‘You’d better not,’ said Tamara.
‘How come you’re so frightened of him?’ Ruslan asked.
‘How come you’re not?’
‘He’s just an idiot.’
‘He’s a complete thug, and he’s had it in for me ever since I refused to go out with him.’
‘What? Did he ask you out?’
‘Yes, just after I got here.’
‘I never knew that.’
‘That’s when all this stuff about the Ksordian waiters not working started.’
‘So you mean it’s just a way of getting your attention?’
‘Getting at me more like.’
‘He’s so pathetic.’
‘You just have to show him that he doesn’t scare you.’
‘But he does scare me.’
Ruslan wanted to put a protective arm round her shoulder, but he was worried she might find it inappropriate. He just gave her arm a little squeeze. ‘Don’t worry, you’ll be okay.’
When they reached the beach, they sat and chatted about other things, and Murad and Fatima sang songs by The Beatles and Bob Dylan.
Shortly before midnight, Ruslan said to Tamara, ‘I hate to spoil the party, but I should go back now. I’ll be up early again for my run tomorrow.’
‘Actually, I’m tired too. Shall we go back together?’
They took their leave of the others to the accompaniment of knowing looks and whistles and headed towards the Friendship Sanatorium. They walked side by side in silence for a few minutes.
Tamara was the first to speak. ‘Fatima and Murad are a lovely couple, aren’t they?’
‘Yes, they’re really nice. And hasn’t Fatima got a great voice?’
‘Out of this world. It’s madness to waste her talent serving in the restaurant. She should be in the cabaret.’
They walked on a little farther.
‘How long have you known Josep?’
‘Two years. Since I started at university.’
‘He’s a nice lad.’
‘Yes, he’s a great bloke.’
‘Has he got a girlfriend?’
‘I hope you’re not after him.’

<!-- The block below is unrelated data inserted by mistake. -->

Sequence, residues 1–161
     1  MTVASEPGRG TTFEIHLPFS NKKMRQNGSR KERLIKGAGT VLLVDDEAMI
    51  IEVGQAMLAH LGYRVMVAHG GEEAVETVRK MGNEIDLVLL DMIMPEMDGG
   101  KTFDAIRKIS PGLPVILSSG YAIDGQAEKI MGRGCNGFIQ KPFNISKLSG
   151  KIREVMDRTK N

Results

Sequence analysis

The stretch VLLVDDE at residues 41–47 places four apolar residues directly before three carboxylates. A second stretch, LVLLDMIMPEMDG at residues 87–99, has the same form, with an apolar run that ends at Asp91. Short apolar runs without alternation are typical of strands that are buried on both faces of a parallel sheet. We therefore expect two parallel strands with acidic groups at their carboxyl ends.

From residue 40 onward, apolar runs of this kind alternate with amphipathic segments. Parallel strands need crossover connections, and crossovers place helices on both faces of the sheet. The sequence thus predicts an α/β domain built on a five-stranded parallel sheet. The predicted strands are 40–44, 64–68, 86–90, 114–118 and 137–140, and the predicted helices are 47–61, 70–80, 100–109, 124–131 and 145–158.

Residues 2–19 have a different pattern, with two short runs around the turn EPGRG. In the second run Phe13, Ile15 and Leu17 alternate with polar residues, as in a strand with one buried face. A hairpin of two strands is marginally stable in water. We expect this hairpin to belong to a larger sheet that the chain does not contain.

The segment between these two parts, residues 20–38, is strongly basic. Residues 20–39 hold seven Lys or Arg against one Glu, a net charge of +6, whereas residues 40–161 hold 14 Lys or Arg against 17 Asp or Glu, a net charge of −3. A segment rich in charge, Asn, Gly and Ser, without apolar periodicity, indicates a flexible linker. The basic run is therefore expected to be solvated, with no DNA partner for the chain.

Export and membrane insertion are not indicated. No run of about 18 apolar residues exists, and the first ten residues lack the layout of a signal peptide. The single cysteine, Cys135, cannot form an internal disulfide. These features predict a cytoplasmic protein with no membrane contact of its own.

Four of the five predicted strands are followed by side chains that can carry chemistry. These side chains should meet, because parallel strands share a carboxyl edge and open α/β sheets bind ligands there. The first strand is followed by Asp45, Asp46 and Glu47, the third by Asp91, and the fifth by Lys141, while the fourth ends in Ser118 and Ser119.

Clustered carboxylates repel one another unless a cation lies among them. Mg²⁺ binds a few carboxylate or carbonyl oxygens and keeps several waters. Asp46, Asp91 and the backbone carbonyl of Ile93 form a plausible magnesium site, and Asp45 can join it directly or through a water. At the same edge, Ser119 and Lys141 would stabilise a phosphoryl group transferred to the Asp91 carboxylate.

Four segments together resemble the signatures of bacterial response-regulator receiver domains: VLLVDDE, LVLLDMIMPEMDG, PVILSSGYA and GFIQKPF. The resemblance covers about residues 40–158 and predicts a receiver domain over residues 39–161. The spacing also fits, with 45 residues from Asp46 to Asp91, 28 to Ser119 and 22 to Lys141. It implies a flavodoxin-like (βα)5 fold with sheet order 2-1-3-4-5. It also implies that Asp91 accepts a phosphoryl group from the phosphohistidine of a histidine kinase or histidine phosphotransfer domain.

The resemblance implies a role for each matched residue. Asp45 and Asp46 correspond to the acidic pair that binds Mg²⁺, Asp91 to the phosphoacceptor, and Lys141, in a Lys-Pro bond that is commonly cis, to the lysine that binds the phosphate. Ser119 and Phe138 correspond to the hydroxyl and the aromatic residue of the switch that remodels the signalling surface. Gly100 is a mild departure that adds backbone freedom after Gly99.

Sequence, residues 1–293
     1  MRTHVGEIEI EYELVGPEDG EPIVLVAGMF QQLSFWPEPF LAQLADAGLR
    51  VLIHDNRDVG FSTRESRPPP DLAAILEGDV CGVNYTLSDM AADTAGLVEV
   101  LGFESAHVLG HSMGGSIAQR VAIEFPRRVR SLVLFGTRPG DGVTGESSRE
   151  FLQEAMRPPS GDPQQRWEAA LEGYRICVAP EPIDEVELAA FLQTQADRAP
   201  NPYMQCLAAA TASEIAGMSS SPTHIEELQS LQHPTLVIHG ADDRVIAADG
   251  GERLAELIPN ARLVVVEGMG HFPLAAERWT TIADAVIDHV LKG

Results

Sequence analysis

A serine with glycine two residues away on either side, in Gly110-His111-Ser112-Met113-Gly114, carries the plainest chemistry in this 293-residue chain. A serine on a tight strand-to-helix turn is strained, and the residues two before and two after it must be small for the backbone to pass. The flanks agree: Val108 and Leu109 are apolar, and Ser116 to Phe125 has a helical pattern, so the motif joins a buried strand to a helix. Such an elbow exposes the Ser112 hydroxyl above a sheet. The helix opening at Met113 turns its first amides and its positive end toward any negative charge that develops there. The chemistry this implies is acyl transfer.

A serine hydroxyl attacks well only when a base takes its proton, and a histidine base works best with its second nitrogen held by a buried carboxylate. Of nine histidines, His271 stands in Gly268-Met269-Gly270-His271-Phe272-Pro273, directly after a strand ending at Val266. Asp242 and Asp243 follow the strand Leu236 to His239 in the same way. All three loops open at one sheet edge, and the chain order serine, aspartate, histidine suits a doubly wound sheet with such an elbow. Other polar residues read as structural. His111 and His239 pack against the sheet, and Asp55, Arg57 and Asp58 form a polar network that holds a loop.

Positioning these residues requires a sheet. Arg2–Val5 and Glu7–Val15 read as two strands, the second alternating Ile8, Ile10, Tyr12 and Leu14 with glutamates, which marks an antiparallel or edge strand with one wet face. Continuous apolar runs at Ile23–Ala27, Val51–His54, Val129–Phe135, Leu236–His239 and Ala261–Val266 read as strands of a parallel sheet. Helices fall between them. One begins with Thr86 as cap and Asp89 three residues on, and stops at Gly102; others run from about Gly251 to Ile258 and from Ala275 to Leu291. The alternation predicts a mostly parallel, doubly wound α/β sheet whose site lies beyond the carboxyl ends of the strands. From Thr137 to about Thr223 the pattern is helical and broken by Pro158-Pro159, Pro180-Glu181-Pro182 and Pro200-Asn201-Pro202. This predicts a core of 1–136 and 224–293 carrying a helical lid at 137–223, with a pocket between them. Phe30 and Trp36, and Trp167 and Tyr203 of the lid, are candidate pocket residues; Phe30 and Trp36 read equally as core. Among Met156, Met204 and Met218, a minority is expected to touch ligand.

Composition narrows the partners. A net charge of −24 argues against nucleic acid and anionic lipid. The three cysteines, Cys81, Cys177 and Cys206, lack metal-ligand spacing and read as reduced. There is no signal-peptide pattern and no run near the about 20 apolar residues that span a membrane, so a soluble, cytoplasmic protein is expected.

Tamara pinched Ruslan’s arm. ‘Well, has he?’
Ruslan laughed. ‘Josep has many fine qualities, but an ability to get it together with girls isn’t one of them.’
‘And what about you?’
‘I haven’t got a girlfriend, no.’
Tamara asked no more questions. Ruslan thought of asking if she had a boyfriend back in Zeda’Anta, but then it occurred to him that he didn’t really care. There was clearly only one candidate for her affections here in Bogmaperdi.
Because the next day was Saturday, all the kitchen staff would have lunch off. Ruslan, Tamara and their friends had arranged to spend the day on the beach.
‘Look, I won’t be horrible to you if you say no,’ said Ruslan. ‘But do you fancy getting the bus up to the north cliff tomorrow, just me and you? I’m told there’s a really good view of the bay.’
‘What about the others?’
‘They’ll survive without us.’
Tamara smiled. ‘Yes, okay. Why not?’
They walked behind the sanatorium and stopped near the staircase that led to female staff accommodation. Ruslan was still wondering whether to kiss her on the cheeks or the lips, when she put her hands up behind his head, pulled him towards her and kissed him on the mouth.
For a second, he tasted the vodka on her tongue.
And with that, she was gone, leaving him to catch his breath.